June 25, 2010

Friday's Philology

Twice, maybe thrice, I have encountered the word "perfervid" used in Thomas Hardy's beautiful novel, The Return of the Native (1878). Hardy uses the word, each time, in describing the actions or thoughts of one of his protagonists, the beautiful, dark-haired and -eyed, Miss Eustacia Vye. 

perfervid - (Literary & Literary Critical Terms) Literary extremely ardent, enthusiastic, or zealous
[from New Latin perfervidus, from Latin per- (intensive) + fervidus fervid]

perfervid - characterized by intense emotion; "ardent love"; "an ardent lover"; "a fervent desire to change society"; "a fervent admirer"; "fiery oratory"; "an impassioned appeal"; "a torrid love affair."

Anyone who has read The Return of the Native will undoubtedly see that this word certainly applies to Eustacia Vye, 'The Queen of Night.' Hardy describes Eustacia with the following words, "To be loved to madness--such was her great desire." That must be perfervidness!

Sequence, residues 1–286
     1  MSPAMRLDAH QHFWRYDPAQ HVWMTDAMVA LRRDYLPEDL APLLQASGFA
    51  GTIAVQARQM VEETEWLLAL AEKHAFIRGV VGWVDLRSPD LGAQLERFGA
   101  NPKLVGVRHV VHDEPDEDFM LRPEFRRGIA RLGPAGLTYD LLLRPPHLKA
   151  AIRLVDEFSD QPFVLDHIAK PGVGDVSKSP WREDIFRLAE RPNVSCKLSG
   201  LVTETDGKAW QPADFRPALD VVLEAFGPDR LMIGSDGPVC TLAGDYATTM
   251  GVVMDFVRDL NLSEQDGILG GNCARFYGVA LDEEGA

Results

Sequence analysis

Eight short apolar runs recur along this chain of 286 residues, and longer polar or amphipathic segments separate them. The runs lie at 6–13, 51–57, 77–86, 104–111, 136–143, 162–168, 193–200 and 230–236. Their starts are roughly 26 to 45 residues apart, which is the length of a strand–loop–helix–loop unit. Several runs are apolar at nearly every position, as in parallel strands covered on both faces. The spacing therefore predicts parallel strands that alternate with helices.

Say the word perfervid out loud, and feel it on your tongue and lips. To me, the word just becomes an evocative portrait of passion and ardent desire. Cool, huh?

[The photograph used in this posting is of the actress, Catherine Zeta Jones, who played 'Eustacia Vye' in the 1994 Hallmark Hall of Fame production of Hardy's The Return of the Native]

1 comment:

  1. Excellent word, indeed! It's sorta like "extra-fervent."

    I love the blog make-over. Fits your content quite nicely. Keep up the awesome posts!